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Feeding the Habit of Faith
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Key Passage: Then we will no longer be infants, tossed back and forth by the waves, and blown here and there by every wind of teaching and by the cunning and craftiness of men in their deceitful scheming. Ephesians 4:14

Key Thought:
In order to grow into strong and unshakable believers, Christians need to have a daily habit of feeding their faith, considering and embracing our their beliefs.

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How do we continue to believe?
Church members routinely drop out because they lose confidence in the Bible, or they have doubts about the existence of God. Sometimes plain apathy causes them to quit living the Christian life.

Story: Elijah was one of the Bible’s great faith heroes. He stood up to King Ahab for three years; he stood up to the 450 fallen priests of Baal. He faced all of Israel on the top of Carmel as God sent down fire. He magnanimously reconciled with King Ahab and led his former foe 20 miles through the rain to the city gates of Jezreel. THEN . . . he was terrified when threatened by Queen Jezebel. He ran another 100 miles to Beersheba and collapsed in despair. “I have had enough, Lord,” he prays. “Take my life. I am no better than my ancestors.” In the Message: “I scored a victory for you on Mount Carmel and then ran from a woman.

What caused this failure of faith? Letdown. Elijah had been so sure Israel was about to turn a corner and return to its Jehovah roots. In addition, the misery of a cold rain can drive many people to doubt and atheism.

Quote: Beatrice Neall writes: “Faith feeds upon the memories of God’s past leading. The valley of depression is Satan’s rut to trip the child of God.”

Story: John the Baptist proclaimed Jesus’ messiahship with great power. But when imprisoned, doubt and hunger caused him to send a message to his own cousin: “Are you the one who was to come, or should we expect someone else?” (Matthew 11:2)

Quote from C. S. Lewis: “Faith is the art of holding on to things your reason has once accepted, in spite of your changing moods. For moods will change, whatever view your reason takes. I know that by experience. Now that I am a Christian I do have moods in which the whole thing looks very improbable: but when I was an atheist I had moods in which Christianity looked terribly probable. This rebellion of your moods against your real self is going to come anyway. That is why Faith is such a necessary virtue: unless you teach your moods ‘where they get off,’ you can never be either a sound Christian or even a sound atheist, but just a creature dithering to and fro, with its beliefs really dependent on the weather and the state of its digestion. Consequently one must train the habit of Faith” (Mere Christianity, pp. 123, 124).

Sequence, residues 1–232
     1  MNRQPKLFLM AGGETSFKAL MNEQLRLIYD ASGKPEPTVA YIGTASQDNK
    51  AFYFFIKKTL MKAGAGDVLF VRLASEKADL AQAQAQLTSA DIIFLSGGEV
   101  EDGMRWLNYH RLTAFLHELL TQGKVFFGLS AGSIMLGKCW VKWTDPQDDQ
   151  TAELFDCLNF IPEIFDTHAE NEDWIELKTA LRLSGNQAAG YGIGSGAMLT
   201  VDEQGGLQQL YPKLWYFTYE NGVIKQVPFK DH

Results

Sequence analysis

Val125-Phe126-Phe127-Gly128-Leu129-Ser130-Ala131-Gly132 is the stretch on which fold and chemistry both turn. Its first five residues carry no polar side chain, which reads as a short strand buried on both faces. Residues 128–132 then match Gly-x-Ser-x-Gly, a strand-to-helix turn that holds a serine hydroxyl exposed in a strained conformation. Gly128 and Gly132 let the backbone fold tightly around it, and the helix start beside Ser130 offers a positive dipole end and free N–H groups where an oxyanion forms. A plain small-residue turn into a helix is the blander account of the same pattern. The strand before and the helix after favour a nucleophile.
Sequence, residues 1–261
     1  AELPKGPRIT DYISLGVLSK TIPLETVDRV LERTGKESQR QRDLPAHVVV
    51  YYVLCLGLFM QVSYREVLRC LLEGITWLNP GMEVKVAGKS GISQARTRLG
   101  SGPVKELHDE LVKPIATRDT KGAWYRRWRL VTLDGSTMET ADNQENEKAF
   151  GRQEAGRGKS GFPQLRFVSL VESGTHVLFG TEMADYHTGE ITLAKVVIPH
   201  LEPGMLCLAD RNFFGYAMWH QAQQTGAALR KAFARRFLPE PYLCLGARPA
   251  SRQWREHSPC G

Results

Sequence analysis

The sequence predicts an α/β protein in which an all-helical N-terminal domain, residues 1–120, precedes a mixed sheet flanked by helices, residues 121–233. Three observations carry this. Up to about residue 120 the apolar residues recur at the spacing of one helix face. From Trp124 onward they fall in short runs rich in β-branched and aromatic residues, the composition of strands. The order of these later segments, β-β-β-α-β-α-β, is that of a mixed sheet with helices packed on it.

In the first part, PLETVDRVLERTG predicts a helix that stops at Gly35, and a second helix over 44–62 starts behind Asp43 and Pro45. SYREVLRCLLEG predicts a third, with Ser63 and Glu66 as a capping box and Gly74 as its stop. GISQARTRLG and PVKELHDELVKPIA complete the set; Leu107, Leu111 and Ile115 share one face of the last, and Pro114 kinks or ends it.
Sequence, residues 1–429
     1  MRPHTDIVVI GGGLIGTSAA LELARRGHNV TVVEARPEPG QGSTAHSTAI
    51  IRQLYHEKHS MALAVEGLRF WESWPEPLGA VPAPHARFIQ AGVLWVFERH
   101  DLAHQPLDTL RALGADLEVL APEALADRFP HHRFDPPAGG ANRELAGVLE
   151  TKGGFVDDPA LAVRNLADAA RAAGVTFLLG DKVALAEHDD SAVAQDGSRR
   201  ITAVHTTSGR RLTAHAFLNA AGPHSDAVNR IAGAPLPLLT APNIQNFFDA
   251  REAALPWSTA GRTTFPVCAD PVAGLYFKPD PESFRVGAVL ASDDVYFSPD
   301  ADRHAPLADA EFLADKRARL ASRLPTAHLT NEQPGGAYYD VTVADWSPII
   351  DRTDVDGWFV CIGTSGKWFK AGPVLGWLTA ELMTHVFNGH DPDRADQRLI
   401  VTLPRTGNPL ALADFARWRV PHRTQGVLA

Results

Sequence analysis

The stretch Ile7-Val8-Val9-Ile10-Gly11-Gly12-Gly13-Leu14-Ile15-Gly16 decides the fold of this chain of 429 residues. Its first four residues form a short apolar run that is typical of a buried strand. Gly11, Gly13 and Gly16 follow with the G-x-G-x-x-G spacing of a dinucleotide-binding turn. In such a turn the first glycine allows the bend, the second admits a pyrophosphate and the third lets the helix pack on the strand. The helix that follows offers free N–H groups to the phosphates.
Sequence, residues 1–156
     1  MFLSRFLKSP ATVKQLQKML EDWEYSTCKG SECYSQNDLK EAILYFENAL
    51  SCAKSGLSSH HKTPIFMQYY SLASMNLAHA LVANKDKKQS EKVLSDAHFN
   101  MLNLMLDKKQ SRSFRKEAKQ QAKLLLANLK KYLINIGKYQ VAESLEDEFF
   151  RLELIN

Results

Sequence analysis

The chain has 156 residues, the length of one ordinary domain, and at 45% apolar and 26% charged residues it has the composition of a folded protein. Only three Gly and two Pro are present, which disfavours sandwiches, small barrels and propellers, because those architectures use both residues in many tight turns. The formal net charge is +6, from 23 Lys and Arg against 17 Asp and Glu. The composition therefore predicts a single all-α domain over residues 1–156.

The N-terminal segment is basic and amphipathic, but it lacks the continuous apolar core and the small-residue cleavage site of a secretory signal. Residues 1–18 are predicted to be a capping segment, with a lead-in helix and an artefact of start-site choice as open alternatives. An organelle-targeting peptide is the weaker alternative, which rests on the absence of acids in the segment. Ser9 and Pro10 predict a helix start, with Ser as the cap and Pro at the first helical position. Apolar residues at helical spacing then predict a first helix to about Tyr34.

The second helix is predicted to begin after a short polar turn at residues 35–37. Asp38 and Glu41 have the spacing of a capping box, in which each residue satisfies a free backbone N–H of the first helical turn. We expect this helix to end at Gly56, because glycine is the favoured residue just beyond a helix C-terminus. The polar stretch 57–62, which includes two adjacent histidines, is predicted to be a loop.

What do we specifically do? What is the prescription? “The first step is to recognize the fact that your moods change. The next is to make sure that, if you have once accepted Christianity, then some of its main doctrines shall be deliberately held before your mind for some time every day. That is why daily prayers and religious reading and church-going are necessary parts of the Christian life. We have to be continually reminded of what we believe. Neither this belief nor any other will automatically remain alive in the mind. It must be fed” (Lewis, p. 124).

Key Thought: As we learn key Bible stories, passages, illustrations, memory gems, helpful quotes from leading Christians, they become a mosaic of truth in our lives.

Story: In the 1850s, America was grappling with the issue of slavery—and whether incoming states joining the Union should be slave or free. Lincoln illustrated: if he encountered poisonous snakes in the bed with his children, he had to deal prudently for fear of harming the children. But if he was building a new house, he would certainly not find a nest of young snakes and PUT them in the bed with his offspring.

Story: In 1940, England was the final domino between Hitler and total domination of Europe. America could sell her munitions, but England was going bankrupt and had used all its credit. Churchill wrote an impassioned letter to Roosevelt—the world itself was hanging in the balance. Would Nazism overcome them all? Roosevelt responded by offering to simply lend warships and war materiel to his allies, and used the metaphor of a garden hose. “If my neighbor’s house is on fire, I don’t insist he give me the $15 I paid for my hose. I simply loan it to him on the proviso that he give it back when the fire goes out.” The Lend-Lease Program eventually passed Congress and Parliament and sent $700 billion to America’s allies.

It could be argued that “Snakes in the Bed” and “My Garden Hose” were two stories which saved the world! And Christians need to daily arm themselves with stories and Bible principles which are core to our faith. Just as we daily set the table and feed our bodies, we need to regularly put our beliefs on a plate and set them before our eyes. 
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Submitted by David B. Smith.
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